The class contains a ChatSettingFragment which extends the PreferenceFragmentCompat to give access to override functions such as onPreferenceClick. The code below shows the implementation of it.

public boolean onPreferenceClick(Preference preference) {

              Intent intent = new Intent();

              intent.setComponent( new ComponentName("com.android.settings","com.android.settings.Settings$TextToSpeechSettingsActivity" ));

              startActivity(intent);

              return true;

          }

      });


      rate=(Preference)getPreferenceManager().findPreference(Constant.RATE);

      rate.setOnPreferenceClickListener(new Preference.OnPreferenceClickListener() {

          @Override

          public boolean onPreferenceClick(Preference preference) {

              startActivity(new Intent(Intent.ACTION_VIEW, Uri.parse("http://play.google.com/store/apps/details?id=" + getContext().getPackageName())));

              return true;

          }

      });
}

For diving more into the code we can refer to the github repo of Susi Android (https://github.com/fossasia/susi_android).

Resources

Addition Of Settings Page Animations in Open Event Android App

In order to bring in some uniform user flow in the  Open Event Android  there was a need to implement slide animation for various screens. It turned out that the settings page didn’t adhere to such a rule. In this blog post I’ll be highlighting how this was implemented in the app.

Android Animations

Animations for views/layouts in android were built in order to have elements of the app rely on real life motion and physics. These are mainly used to choreograph motion among various elements within a page or multiple pages. Here we would be implementing a simple slide_in and a slide_out animation for the settings page. Below I highlight how to write a simple animator.

slide_in_right.xml

<?xml version="1.0" encoding="utf-8"?>
<set

   xmlns:android="http://schemas.android.com/apk/res/android">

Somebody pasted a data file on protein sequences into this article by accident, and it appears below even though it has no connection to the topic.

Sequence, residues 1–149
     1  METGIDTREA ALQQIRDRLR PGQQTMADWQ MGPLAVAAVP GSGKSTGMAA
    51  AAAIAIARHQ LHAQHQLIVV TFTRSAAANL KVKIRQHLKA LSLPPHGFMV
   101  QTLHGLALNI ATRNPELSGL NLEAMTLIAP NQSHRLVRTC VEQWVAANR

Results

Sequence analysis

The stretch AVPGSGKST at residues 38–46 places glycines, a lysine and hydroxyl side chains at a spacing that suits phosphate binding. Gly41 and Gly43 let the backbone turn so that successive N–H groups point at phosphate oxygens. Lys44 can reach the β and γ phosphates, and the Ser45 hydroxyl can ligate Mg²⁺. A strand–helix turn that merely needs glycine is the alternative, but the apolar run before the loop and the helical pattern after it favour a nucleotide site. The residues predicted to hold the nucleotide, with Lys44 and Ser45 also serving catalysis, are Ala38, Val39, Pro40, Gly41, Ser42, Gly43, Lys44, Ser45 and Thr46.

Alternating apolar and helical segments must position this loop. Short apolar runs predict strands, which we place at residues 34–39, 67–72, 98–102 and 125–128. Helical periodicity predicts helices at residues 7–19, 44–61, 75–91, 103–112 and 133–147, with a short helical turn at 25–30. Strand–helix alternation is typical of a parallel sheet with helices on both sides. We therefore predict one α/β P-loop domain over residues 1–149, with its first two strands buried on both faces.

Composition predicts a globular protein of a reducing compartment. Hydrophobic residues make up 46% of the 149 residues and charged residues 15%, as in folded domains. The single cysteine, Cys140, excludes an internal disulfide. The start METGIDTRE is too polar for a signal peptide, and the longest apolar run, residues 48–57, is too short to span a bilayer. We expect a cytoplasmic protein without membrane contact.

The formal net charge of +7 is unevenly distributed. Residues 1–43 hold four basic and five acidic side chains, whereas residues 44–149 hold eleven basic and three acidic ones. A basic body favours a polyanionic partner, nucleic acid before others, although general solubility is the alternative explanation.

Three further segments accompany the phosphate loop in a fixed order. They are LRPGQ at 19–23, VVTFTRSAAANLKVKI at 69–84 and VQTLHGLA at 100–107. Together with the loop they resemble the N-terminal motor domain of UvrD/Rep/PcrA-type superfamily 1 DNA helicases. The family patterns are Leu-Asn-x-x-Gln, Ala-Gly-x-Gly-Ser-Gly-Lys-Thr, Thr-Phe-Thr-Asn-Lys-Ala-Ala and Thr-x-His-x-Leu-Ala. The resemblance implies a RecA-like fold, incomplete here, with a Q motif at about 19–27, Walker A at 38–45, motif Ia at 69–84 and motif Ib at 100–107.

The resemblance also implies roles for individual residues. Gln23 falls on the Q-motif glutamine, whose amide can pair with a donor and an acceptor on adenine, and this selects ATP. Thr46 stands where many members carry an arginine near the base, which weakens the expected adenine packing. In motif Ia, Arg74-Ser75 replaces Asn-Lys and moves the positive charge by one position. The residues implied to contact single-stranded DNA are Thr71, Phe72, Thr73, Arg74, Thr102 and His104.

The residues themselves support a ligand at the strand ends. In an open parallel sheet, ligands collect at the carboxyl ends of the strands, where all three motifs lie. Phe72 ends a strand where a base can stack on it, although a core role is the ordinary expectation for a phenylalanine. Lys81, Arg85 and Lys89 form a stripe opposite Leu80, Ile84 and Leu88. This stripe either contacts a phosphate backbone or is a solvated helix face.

<translate
       android:duration="@android:integer/config_shortAnimTime"
       android:fromXDelta="100%"
       android:toXDelta="0%" />

</set>

This xml file maily is what does the animation for us in the app. We just need to provide the translate element with the position fromXDelta from where the view would move to another location that would be toXDelta.

@android:integer/config_shortAnimTime is a default int variable for animation durations.

Here toXDelta=”0%” signifies that initial position of the page i.e the settings page that is the screen itself. And the 100% in fromXDelta signifies the virtual screen space to the right of the actual screen(OUTSIDE THE SCREEN OF THE PHONE).

Using this animation it appears that the screen is sliding into the view of the user from the right.

We will be using overridePendingTransition to override the default enter and exit animations for the activities which is fade_in and fade_out as of Android Lollipop.

The two integers you provide for overridePendingTransition(int enterAnim, int exitAnim) correspond to the two animations – removing the old Activity and adding the new one.

We have already defined the enterAnim here that is slide_in_left. For the exit animation we would define another animation that would be stay_in_place.xml that would have both fromXDelta and toXDelta as 0% as their values. This was done to just avoid any exit animation.

We need to add this line after the onCreate call within the SettingActivity.

@Override
 protected void onCreate(Bundle savedInstanceState) {

       //Some Code
       super.onCreate(savedInstanceState);
       overridePendingTransition(R.anim.slide_in_right,    R.anim.stay_in_place);
     //Some Code

Now we are done.

We can see below that the settings page animates with the prescribed animations below.

Resources